Upaul Majumdar is the General Manager of Soaltee Crown Plaza Kathmandu. He has been involved in tourism sector for the last two decades. With the experienced Majumdar at the helm, the hotel managed to sail through the rough weather in the hospitality industry smoothly.
Kuvera Chalise and Susheel Bhattarai of Republica recently talked to him to know about the challenges of Nepali tourism industry and the way forward. Excerpts:
Soaltee Crown Plaza is the oldest deluxe five-star hotel in the country. It is owned by Soaltee Hotel Limited and managed by Intercontinental Hotels Group (IHG). One of the benefits of the tie up is we are present globally. We are part of Asia, Middle East and Africa, and South Asia network. About 25 to 30 percent of our bookings come from the international network. Besides, we also have international sales organization which has been sending Indian corporate business.
The problem is sending a message that Nepal is safe as people were not travelling to Nepal recently after the natural disasters. We have to use the global media to say, 'everything is back to normal in Nepal'. The travel trade has not been relaying this message well and not getting the confidence in tourists to travel back to Nepal. Likewise, when Nepal was down, other destinations came up, and travelers have been diverted to these destinations. So we have to bring them back by launching massive global media campaign. As a hotel, we have worked on new marketing strategy. We worked hard in major tourist source markets like India and China. China had also cut down flights to Nepal due to blockade and fuel crisis. But we developed a new market in Bangladesh, from where people used to visit Nepal earlier but had stopped after the quake. With did lot of joint promotion with casino to bring back the tourists. When Nepal Airlines started flying to India, we tied up with the national carrier for joint promotion. Because of various efforts we did, tourists are back.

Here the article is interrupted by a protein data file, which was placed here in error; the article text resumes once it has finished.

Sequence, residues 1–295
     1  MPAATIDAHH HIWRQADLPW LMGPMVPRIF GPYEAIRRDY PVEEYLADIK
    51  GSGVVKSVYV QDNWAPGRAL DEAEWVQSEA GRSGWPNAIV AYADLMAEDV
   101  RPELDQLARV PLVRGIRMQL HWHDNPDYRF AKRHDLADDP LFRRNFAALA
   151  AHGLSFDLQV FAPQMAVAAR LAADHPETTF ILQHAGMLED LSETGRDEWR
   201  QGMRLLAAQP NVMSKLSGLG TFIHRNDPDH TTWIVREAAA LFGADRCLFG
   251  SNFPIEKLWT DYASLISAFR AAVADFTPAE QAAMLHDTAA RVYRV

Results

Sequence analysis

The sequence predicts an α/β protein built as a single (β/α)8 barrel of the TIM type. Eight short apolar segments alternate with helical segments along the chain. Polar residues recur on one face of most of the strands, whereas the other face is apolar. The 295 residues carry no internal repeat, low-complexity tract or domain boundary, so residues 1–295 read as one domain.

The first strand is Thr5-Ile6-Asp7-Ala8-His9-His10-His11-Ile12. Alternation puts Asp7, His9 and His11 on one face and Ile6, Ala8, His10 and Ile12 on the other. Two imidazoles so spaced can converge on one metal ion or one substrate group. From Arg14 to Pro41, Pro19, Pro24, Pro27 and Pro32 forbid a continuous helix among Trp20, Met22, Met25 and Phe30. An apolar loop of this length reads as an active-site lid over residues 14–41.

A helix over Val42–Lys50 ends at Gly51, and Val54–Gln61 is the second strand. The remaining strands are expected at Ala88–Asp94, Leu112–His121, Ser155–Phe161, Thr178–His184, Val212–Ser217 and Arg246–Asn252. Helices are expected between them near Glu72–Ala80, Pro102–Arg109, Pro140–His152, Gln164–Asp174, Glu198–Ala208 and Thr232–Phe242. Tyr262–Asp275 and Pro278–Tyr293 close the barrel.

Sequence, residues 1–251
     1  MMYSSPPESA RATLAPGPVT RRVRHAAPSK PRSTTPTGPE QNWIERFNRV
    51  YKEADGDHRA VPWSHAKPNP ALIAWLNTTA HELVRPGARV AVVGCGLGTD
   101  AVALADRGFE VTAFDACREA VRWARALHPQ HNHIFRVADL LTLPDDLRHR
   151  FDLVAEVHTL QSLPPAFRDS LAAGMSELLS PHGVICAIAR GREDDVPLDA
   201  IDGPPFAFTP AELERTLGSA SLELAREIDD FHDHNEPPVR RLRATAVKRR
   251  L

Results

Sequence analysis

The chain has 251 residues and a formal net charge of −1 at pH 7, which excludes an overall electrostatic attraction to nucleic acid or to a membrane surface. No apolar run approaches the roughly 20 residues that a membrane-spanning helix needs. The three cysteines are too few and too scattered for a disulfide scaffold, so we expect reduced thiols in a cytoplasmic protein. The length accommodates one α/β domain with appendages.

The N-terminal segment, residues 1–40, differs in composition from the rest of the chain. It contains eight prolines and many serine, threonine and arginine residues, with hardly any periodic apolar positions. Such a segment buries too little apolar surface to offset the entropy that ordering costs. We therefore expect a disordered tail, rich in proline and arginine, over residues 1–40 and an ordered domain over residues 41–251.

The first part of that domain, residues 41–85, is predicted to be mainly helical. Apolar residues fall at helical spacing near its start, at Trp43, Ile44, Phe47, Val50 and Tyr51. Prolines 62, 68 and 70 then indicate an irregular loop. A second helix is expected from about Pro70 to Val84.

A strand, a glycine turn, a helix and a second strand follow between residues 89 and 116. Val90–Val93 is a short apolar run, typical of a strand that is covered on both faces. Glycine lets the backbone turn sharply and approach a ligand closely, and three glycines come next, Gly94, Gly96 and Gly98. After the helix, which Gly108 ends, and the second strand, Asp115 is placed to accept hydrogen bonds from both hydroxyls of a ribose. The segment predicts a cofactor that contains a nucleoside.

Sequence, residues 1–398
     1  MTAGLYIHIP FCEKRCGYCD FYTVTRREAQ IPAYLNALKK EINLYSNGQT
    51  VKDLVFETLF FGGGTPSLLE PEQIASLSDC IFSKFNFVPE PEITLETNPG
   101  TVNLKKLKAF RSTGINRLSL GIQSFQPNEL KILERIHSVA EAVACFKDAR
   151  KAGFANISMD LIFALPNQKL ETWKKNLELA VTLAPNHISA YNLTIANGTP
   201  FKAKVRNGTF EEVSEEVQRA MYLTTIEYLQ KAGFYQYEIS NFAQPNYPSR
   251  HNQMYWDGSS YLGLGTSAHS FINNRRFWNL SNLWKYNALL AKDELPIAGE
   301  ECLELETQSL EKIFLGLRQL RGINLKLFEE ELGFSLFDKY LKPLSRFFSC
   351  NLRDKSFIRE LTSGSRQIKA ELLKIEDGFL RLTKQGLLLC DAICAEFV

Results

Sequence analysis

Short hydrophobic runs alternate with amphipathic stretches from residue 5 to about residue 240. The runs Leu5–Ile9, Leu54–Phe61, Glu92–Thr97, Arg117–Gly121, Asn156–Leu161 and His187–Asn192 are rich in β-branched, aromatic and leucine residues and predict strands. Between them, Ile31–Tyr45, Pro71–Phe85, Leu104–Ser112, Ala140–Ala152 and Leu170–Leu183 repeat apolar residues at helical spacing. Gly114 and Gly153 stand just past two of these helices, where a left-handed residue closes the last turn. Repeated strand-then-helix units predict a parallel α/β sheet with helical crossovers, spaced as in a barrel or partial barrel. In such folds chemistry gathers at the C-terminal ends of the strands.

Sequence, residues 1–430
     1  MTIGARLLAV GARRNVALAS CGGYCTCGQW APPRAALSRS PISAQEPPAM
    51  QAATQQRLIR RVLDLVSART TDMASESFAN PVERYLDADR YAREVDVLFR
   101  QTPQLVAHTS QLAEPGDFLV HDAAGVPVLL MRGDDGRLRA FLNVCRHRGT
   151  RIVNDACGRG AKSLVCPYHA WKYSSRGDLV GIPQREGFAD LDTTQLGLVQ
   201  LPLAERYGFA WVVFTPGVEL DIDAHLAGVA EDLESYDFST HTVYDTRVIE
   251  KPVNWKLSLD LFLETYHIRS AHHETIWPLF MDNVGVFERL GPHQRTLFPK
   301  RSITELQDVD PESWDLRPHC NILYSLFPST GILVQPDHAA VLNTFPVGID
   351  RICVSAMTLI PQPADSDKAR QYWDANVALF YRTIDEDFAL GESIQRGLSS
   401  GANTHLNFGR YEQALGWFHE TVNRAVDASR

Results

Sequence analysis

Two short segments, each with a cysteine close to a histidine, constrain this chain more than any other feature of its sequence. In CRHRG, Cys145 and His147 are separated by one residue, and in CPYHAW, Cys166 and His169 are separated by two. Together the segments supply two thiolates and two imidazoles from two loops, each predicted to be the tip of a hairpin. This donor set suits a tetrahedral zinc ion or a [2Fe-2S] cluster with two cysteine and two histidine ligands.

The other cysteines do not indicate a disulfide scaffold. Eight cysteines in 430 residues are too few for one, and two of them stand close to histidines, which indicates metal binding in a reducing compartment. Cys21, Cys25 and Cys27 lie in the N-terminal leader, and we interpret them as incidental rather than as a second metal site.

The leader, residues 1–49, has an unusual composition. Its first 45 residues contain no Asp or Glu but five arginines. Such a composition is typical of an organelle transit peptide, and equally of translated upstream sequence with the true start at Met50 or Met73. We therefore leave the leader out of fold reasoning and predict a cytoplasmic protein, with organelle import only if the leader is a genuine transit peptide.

Was there coordinated effort between Nepal Tourism Board, Hotel Association of Nepal and the government?
The Nepal Tourism Board (NTB) was long been without its chief. They have just got the CEO. Now the new CEO is already trying to put things together. Now, the things are on the verge of take off. Likewise, the tourism minister is also trying to do a lot of things to help promote tourism. He is very positive. We had no fuel during the blockade. When we sought his help, he actually took the initiative in giving priority to the hotels. It's not that the agencies are doing nothing. But what we are doing may not be enough. Also, it happens that different hotels have different challenges. Big ones have one kind of challenge and smaller ones may have the other. Smaller ones shut down services when things were difficult. But we could not do so. The biggest problem we faced during the blockade was transport being not available due to lack of fuel. We were not able to run heating system in the room. Tourists come to Kathmandu and go further to visit Nepal. One gets in and gets out of Kathmandu as Kathmandu is like a transit for tourists. To access to those paces was a challenge due to shortage of fuel. Getting good accommodation and quality service became challenge which also kept away a leisure business. Nepal is largely a leisure market. But we started seeing lots of tourists from March. Most flights are now full. The tourism ministry worked with supplies ministry and reduced the fuel price for airlines, though baggage handling is still challenging. Our airport still needs more modernization. Business is coming back as we all have incentivized it. But rates are far lower and profit margins are wafer thin.
Nepal is often called cheap destination. Is Nepal a cheap destination or a value destination?
I will use the word value destination, not cheap. It is a highly incentivized market where lots of bargain is available. We need to tell the world our terminology. So, we need professionals to design campaign for Nepal and tell the world the right word. Nepal is giving higher value package, room rates are low. But it will slowly pick up when the business picks up. It's a natural phenomenon.
What about 'Nepal is Safe' campaign? Isn't it bearing fruit?